I've been sticking with Note 4's. Still have the one I got about a year ago and got one for a good friend recently to replace an absolute dinosaur. It's the biggest Samsung phone that ticks all the boxes for me. I've since removed Qi charging from my list since I learned it raises serious heat issues that causes battery problems.

            1. psychonaut

              Re: meh

              yup, still got my note 4. theres nothing else that ticks the boxes for me. will need something to replace it with at some stage soon, mine is getting a bit knackered now. but the only option at the moment is another note 4

  13. TonyJ

    By the way...if you have the Barclays mobile app don't go putting a second SIM in. They don't support it and after a week or so will revert to requiring you to re-register.

    Took me a while to get to the bottom of that one on my OP2.

    Don't know if that's still the case but worth bearing in mind.

    1. Alan Sharkey

      I've got the barclaycard app on my OP5 and it works OK with 2 sims in.

      1. TonyJ

        "...I've got the barclaycard app on my OP5 and it works OK with 2 sims in..."

        Perhaps Barclays have finally got around to understanding that dual SIM phones are a thing.

        I'd be interested to know how long you've had it for though...mine would work for weeks on end then suddenly throw me to the new device registration screen.

  14. This post has been deleted by its author

  15. Anonymous Coward
    Anonymous Coward

    Does anyone buy a phone based on camera performance ?

    Except a few niche applications ?

    1. iRadiate

      Re: Does anyone buy a phone based on camera performance ?

      No but all other things being roughly equal (ram, OS, processor etc) why would you want a phone that doesnt have at least decent camera performance.

      OP5 camera was really crap.

  16. Anonymous Coward
    Anonymous Coward

    Bye bye Wileyfox ...

    These look nice, and the customer service cannot be any worse.

  17. Sorry that handle is already taken. Silver badge

    Uhh, Andrew?

    For £499 you get a slimline phone with absurd specs, on paper: more powerful than many laptops (8GB of RAM, 128GB of storage).

    This is The Register, not some tabloid rag. A technical audience that understands what makes a computer "powerful".

    1. Andrew Orlowski (Written by Reg staff)

      Re: Uhh, Andrew?

      Fair point!

  18. iRadiate

    Just returned mine after 13 days.

    Pcs (win7 and win10) wouldn't recognise the phone via USB. Had to use Google drive to transfer files.

    Camera was shit under anything but ideal conditions.

    My 2016 Mercedes wouldn't recognize the phone via usb.

    My new Sony MDR 1000x headphones had trouble connecting via Bluetooth.

    Random reboots.

    Random app crashes.

    These reviewers need to use the phone for more than a day or two to properly evaluate it.

    First and last time I'll be trying OP.

    1. vroomfondle

      I've had mine for a couple of weeks and it's been fine (almost). For me, the camera works very well under most conditions (I haven't tried very-low-light). I'm able to connect it via USB to my laptop (admittedly, it's Linux, not Windows like yours) and transfer files. No reboots; one crash (but, well, it's Android so that's normal, albeit regrettable).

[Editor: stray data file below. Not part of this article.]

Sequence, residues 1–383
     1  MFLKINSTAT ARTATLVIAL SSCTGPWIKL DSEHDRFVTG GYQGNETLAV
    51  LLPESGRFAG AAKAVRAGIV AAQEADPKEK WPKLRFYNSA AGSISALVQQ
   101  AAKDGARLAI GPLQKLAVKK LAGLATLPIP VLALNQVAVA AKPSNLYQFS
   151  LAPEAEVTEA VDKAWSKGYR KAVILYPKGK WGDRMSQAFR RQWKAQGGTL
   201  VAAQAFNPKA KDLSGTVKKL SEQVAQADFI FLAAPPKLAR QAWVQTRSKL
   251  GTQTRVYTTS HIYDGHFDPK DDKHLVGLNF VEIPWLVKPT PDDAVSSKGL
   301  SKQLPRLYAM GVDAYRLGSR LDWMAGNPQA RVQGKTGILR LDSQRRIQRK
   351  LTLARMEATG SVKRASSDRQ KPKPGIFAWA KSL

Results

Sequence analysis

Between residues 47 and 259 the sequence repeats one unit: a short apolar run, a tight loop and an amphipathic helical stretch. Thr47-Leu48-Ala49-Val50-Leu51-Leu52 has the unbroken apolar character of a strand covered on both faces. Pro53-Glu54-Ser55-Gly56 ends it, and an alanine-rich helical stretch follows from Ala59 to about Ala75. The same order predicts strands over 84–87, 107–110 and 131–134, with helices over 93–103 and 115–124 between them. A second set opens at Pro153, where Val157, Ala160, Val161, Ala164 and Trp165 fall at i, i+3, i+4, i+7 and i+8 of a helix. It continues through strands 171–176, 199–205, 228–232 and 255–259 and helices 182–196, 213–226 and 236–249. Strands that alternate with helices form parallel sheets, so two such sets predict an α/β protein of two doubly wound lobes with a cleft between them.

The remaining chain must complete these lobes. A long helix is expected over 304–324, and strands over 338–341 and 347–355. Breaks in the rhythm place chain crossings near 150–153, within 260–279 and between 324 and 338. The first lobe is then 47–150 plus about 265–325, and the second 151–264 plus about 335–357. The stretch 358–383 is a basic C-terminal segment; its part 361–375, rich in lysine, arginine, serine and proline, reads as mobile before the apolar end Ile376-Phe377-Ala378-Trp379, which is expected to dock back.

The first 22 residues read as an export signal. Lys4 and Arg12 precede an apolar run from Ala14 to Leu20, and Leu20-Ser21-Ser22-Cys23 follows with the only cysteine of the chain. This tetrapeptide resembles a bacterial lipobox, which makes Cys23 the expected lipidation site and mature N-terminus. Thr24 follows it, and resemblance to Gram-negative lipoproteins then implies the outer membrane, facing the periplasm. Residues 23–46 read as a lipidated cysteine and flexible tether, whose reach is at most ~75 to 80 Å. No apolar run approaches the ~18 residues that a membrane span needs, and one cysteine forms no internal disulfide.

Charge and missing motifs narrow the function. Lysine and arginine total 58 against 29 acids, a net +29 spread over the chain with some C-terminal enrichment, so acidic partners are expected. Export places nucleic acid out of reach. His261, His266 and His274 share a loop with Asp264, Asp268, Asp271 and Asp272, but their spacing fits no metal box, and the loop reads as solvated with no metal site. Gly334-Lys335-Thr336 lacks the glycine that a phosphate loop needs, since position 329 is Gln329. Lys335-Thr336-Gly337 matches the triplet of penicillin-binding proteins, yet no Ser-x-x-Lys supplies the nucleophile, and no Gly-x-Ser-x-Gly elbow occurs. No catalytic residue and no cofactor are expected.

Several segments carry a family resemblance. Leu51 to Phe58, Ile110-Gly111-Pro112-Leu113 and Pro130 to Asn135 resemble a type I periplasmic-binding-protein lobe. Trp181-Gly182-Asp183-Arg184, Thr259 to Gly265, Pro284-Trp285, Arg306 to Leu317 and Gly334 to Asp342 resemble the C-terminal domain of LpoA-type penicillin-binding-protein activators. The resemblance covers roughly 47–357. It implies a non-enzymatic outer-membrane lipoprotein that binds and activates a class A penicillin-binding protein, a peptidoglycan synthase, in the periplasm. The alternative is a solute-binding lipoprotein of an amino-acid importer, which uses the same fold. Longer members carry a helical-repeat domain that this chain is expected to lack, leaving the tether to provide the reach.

I have had trouble with the bluetooth, though. It won't link with the stereo in my car. That's the biggest annoyance.

      So far, I'm fairly happy. It's no more annoying overall than the HTC I had before.

  19. need

    2 OPO it is a disappointment

    I had 2 OPO 's and was an early adapter. The sound quality of the mic was a complete disaster. The rest was okay. But why call with a smartphone. The rest of OnePlus was just too little, too late, too expensive. There are better options in the market nowadays. Stock Android is fine.

  20. roshanmani

    Software update policy

    IMO, all reviews of smartphones should include a section on software updates, to cover company commitment to delivering updates, how soon after core Android is patched, how often, and for how long. This aspect is crucial given all the vulnerabilities that are being disclosed these days. This is a big factor for my choice of OnePlus devices over other similar more expensive devices.

  21. roshanmani

    Post sales servicing as a differentiator

    Here's another key differentiator I've come across in favour of OnePlus.. I dropped my new 3T phone, which completely destroyed the screen and was shopping around for repair options. I found I could send it to a local repair outfit who said it would cost be ~170£ for a 2 day turnaround. I then found that OnePlus offers repair options for about ~80£ with about 10 days to turnaround, but the warranty remains intact. I clearly went for the OnePlus option. The whole process was totally seamless, organised through your OnePlus online account, UPS comes home to pick up, and you track progress and delivery through your account again. IMO post sales servicing is another factor that should get covered in all device reviews.

    1. bengoey49

      Re: Post sales servicing as a differentiator

      This is in contrast to my Blackberry DTek50 which i dropped from knee height position onto concrete floor ( it had BB hard case on it ), the screen was cracked and did not work anymore. The cost of repair quoted by the manufacturer was approximately 135 poundsterling ( could be higher or lower ). You can buy a new one now for 180 poundsterling. It now sits in the drawer, there is no point repairing it. What a waste. I am considering OnePlus, thank you for your information.